9. "Hold Tight" by Harlan Coben is a thriller full of plot twists and turns. Flipping from one suspense-filled scene to another, Coben gradually reveals the connections among the psychopathic killer, the doctor's son who runs away, and the teacher who is being threatened by the parent of a child he embarrassed in class. Parents' invasion of a teenage boy's privacy via spyware on his computer and GPS on his cell phone seems to be a real concern at one point, but meanwhile, brutal murders, taking place elsewhere, foreshadow serious danger.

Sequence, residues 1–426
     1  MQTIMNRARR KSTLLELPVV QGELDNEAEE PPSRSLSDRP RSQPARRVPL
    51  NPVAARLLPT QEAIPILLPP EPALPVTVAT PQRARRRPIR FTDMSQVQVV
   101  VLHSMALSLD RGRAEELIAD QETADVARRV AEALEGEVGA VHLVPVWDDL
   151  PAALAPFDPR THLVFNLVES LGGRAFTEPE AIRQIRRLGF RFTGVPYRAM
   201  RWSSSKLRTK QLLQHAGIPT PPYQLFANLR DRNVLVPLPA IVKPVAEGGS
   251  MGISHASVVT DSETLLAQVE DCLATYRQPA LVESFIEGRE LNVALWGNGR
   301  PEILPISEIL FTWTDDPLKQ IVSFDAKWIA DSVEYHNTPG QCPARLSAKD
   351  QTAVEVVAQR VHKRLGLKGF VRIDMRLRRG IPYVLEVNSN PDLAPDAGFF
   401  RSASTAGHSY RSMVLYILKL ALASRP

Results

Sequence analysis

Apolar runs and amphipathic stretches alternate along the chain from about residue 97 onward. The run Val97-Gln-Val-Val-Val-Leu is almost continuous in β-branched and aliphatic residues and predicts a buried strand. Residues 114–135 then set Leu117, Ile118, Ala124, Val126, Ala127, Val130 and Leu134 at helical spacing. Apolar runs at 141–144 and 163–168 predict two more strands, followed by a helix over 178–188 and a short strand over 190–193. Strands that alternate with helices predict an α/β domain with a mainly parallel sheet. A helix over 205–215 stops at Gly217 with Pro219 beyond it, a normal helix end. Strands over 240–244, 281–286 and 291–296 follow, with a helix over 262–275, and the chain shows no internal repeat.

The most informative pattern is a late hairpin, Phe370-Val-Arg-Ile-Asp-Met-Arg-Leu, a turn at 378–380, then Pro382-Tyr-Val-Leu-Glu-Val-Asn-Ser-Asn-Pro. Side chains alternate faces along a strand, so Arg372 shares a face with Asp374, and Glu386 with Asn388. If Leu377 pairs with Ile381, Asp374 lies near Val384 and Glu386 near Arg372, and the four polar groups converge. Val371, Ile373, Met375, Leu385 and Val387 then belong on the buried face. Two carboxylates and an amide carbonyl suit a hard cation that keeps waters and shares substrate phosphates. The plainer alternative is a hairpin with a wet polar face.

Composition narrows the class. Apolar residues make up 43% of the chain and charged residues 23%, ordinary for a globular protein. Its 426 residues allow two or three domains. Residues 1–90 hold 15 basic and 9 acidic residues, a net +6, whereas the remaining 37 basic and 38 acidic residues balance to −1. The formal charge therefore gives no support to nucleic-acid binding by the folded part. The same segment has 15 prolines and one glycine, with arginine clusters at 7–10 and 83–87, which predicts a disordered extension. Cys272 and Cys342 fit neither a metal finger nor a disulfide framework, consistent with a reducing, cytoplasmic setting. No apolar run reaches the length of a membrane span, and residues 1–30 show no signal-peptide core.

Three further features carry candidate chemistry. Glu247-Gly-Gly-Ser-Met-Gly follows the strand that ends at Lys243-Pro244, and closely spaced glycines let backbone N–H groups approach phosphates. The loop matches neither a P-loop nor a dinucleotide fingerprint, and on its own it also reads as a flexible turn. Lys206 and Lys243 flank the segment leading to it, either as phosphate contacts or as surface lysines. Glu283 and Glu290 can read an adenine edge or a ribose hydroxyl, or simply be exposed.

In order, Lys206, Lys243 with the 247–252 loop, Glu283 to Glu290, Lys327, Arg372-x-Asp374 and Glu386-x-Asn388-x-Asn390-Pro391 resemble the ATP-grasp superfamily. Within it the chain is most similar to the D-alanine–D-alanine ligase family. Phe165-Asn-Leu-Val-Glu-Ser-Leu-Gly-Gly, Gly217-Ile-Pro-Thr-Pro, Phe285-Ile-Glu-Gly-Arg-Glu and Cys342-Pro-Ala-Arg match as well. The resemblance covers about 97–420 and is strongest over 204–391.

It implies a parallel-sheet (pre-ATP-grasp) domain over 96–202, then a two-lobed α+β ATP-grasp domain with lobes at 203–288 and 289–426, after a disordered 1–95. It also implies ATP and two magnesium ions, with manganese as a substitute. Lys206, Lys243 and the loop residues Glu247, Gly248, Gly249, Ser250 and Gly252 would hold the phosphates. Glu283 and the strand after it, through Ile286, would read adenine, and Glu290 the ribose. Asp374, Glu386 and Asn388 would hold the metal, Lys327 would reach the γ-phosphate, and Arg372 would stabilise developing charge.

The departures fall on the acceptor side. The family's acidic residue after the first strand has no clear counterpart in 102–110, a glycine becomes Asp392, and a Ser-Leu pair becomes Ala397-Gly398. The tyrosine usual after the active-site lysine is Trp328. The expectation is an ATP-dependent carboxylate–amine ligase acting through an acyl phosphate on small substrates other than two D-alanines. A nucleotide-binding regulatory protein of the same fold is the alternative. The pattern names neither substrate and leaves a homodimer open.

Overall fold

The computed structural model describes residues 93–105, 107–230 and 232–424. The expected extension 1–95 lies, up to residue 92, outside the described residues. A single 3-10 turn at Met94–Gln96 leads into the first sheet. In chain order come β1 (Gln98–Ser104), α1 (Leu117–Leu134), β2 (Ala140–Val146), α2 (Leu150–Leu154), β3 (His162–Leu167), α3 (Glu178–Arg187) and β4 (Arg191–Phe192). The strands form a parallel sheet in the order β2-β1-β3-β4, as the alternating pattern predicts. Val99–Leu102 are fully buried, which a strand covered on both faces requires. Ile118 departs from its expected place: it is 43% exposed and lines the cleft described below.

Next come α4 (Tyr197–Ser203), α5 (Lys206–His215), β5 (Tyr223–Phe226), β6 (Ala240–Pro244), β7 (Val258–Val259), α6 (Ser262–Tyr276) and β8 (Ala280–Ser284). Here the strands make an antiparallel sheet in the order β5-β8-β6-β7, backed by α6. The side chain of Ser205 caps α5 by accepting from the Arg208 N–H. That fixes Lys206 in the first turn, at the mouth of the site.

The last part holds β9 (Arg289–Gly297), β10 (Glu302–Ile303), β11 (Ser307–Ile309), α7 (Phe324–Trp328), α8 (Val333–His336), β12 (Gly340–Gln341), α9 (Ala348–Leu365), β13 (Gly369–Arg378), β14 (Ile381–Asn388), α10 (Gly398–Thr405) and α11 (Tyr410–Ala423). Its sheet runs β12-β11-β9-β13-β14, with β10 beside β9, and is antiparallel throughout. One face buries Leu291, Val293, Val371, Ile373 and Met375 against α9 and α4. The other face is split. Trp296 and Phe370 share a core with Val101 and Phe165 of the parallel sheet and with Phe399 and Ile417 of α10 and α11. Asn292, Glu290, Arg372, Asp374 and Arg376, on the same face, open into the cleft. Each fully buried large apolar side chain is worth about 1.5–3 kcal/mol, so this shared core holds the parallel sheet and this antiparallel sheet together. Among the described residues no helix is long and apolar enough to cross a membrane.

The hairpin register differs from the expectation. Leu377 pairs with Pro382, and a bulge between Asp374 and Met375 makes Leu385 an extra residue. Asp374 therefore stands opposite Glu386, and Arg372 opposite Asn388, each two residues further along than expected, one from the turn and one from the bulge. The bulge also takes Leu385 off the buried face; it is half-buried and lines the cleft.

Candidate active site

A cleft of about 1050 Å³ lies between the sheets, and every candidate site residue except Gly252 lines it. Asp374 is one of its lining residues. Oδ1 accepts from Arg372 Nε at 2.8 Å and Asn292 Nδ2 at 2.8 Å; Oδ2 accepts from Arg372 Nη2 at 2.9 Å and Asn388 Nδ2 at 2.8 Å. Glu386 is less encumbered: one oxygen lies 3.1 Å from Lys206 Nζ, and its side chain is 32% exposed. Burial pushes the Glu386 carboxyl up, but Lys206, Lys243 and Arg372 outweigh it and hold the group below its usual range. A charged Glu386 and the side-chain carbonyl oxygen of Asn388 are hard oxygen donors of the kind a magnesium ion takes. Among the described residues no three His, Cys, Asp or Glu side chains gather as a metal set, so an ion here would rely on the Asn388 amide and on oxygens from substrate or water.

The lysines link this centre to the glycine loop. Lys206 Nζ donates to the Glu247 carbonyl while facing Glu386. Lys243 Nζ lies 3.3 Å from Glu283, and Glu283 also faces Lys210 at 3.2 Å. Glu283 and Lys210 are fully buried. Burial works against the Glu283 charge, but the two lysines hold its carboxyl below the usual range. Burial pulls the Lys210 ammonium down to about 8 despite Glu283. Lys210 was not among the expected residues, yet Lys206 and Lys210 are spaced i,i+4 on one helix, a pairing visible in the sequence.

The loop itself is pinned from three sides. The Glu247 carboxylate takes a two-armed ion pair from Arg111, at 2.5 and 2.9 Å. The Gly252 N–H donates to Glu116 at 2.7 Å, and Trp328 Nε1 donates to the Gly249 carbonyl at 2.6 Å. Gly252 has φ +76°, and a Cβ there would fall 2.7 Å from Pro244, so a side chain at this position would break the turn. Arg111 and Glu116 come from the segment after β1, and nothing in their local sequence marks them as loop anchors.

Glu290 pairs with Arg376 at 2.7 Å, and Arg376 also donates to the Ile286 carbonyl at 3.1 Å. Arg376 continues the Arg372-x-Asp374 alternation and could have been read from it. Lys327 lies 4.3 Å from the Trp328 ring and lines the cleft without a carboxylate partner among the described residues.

10. "American Wife" by Curtis Sittenfeld fictionalizes the seeming contradictions of Laura Bush’s life. Both “perfect wife” and quietly independent thinker, according to her biographer, Ann Gerhart (“Perfect Wife: the Life and Choices of Laura Bush”), the first lady’s biography fired Sittenfeld’s imagination. She creates an admirable, compassionate, and liberal Alice Blackwell, a school librarian, who marries the black sheep son of a powerful and wealthy Republican family, and carries her through the unlikely changes that land her and her rather cartoonish husband in the White House. The conclusion is somewhat weaker than the rest, but overall, it is a fascinating read.